Study: Consumers spend more time with interactive ads
October 9, 2017
MAGNA, the intelligence, investment and innovation unit within IPG Mediabrands, and IPG Media Lab, its creative technology arm, partnered with Tremor Video DSP for a scientific media trial that explored and measured the impact of interactive video ads across three screens, including tablet, PC, and mobile devices. The report, entitled The Interactive Effect: A Key to Surviving in the Attention Economy of a Mobile-First World, unveiled both qualitative and quantitative insights for marketers to leverage interactive video ad formats, including activations to enhance consumer engagement and drive brand KPIs.
The report concluded that interactive video ads extend the amount of time consumers spend with the brand, driving a 47 per cent lift in time spent with the ad versus non-interactive ads. Furthermore, when consumers interact, brands triple their time spent with consumers when using 15-second interactive ads. Regardless of whether consumers interact or not, the potential to do so makes the ad 32 per cent more memorable than non-interactive ads. Perhaps most notable in an ever-fragmented consumer landscape, is that these figures remained consistent across gender and age demographics, along with industry verticals.
“Such attention metrics are normally reserved for the viewing of television advertisements and contradict the prevailing conventional wisdom that shorter is better for capturing consumers ‘attention,” said Ariane Gut, VP, Head of Insights & Analytics of Tremor Video DSP, a Taptica company. “Brands that have tested mobile interactive video ads for themselves have experienced an uptick in engagement, demonstrating that there’s more value that can be had from existing assets when layered with elements designed to give consumers more of an immersive experience.”
As brands seek new ways of enhancing the consumer experience, in-depth research was conducted, focusing on six types of ads across four industry verticals. Participating brands in this trial included Amazon, Arby’s, FCA, and MillerCoors.
“The results of this media trial truly showcased the potential and versatility of interactive video ads across platforms, and especially on mobile,” said Kara Manatt, SVP, Intelligence Solutions Strategy at MAGNA. “It’s clear that the ability to interact with an ad will drive higher levels of consumer engagement and purchase intent, but just as important, this offering enables brands to spend more time with consumers. And we all know how difficult that is to do these is these days.”
Key highlights include:
· Interactive ads = more time spent with consumers. Total time spent increased by 47 per cent with interactive video ads compared to standard video ads.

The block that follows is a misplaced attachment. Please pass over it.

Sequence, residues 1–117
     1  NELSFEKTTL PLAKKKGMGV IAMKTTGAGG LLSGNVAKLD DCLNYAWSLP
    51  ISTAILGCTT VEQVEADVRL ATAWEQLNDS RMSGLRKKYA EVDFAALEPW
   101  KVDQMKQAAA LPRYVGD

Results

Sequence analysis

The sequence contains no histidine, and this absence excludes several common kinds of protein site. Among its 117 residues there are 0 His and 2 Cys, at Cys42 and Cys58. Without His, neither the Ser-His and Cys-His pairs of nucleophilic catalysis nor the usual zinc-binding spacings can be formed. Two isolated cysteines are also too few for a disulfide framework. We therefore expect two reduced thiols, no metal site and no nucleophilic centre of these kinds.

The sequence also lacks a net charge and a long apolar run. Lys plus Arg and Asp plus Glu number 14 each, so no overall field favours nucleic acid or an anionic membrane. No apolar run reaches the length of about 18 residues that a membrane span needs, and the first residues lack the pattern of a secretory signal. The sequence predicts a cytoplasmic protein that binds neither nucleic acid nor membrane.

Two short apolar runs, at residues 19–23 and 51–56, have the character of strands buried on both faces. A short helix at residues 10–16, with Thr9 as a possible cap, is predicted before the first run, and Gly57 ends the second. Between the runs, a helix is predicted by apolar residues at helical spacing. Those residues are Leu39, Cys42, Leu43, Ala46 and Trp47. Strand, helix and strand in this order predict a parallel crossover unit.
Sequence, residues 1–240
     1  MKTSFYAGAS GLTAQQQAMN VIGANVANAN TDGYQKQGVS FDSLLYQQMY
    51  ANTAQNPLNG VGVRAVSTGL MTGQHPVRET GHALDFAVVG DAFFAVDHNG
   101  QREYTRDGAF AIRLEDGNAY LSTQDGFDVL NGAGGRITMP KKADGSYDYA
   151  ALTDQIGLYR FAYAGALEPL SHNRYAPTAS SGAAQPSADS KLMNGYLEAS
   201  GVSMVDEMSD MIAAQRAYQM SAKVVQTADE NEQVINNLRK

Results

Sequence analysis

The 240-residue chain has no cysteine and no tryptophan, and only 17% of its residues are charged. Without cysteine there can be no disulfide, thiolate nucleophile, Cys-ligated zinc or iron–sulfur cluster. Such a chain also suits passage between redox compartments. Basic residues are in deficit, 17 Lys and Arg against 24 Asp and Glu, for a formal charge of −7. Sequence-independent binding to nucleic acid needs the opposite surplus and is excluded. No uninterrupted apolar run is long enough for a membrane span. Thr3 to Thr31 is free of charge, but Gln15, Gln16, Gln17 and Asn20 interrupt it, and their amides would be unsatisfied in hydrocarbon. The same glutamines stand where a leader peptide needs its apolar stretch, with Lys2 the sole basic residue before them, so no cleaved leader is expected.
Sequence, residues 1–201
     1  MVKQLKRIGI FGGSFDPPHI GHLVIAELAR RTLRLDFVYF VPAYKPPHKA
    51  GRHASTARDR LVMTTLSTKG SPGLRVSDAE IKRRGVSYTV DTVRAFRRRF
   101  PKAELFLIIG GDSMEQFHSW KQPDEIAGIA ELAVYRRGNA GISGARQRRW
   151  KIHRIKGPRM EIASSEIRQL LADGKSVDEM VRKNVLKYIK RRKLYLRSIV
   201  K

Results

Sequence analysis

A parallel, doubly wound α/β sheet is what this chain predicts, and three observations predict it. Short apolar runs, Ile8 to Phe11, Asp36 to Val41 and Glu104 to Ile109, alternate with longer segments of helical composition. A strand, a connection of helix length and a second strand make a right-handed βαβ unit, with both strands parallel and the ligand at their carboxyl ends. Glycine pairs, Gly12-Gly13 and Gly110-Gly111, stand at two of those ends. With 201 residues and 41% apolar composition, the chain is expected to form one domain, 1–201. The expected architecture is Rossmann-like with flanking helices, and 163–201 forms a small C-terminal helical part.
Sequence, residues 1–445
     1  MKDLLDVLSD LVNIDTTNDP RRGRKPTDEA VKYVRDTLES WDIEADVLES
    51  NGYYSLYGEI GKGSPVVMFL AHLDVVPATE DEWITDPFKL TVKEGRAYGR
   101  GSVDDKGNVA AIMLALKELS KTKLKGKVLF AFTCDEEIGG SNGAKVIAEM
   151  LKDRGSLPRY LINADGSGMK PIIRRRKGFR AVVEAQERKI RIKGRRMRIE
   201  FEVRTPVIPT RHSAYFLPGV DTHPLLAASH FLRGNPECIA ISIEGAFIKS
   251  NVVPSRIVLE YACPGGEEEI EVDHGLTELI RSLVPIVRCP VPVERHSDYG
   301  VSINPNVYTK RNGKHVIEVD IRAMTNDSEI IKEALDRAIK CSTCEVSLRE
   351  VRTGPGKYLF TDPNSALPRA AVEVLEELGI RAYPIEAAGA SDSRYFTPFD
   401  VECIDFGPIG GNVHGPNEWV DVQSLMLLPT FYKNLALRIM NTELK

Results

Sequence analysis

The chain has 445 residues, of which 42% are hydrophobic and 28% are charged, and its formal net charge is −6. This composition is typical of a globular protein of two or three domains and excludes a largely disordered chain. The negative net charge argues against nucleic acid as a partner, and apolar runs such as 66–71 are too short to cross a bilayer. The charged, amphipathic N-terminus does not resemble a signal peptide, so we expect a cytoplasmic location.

- Interactive video ads drive 9x higher impact on purchase intent.
- In fact, a 15 second interactive ad turns into 45 seconds worth of time with consumers when someone interacts.
- Whether consumers interact or not, interactive ads are more cost efficient, with investment going 52 per cent further when the impact on persuasion of interactive ads is accounted for, versus ads without interactive features.
- Compared to a product-focused interaction, adding entertainment-focused interactions (e.g. game) further extends time consumers spend by 15 per cent and improve brand’s KPIs among those who interact.
· When relevant, human focused interactions are recommended (e.g. interactions involving celebrity or key character in the ad as opposed to a product).
“Mobile is intimate; video is engaging,” said Chad Stoller, Global Chief Innovation Officer, UM. “As the digital world becomes less a proxy for our ‘real’ world, and becomes the ‘real world’ itself, interactivity can build organic connections between viewers and branded messages, especially in a mobile-first world. It is becoming clearer that interactivity is the future of mobile video.”
In conducting the media trial, a total of 2,157 users were recruited from a representative online panel. The survey directed participants download a custom app, where they were able to view video content based on their choosing. Prior to the content, participants were served a pre-roll ad, just as they would “in the wild”. Each participant was randomised into a test cell that determined what type of pre-roll video ad that was served. Passive data collection took place during the ad experience, such as interactions, time spent with the ad, etc. Afterwards, participants completed a survey that measured traditional branding metrics and qualitative feedback.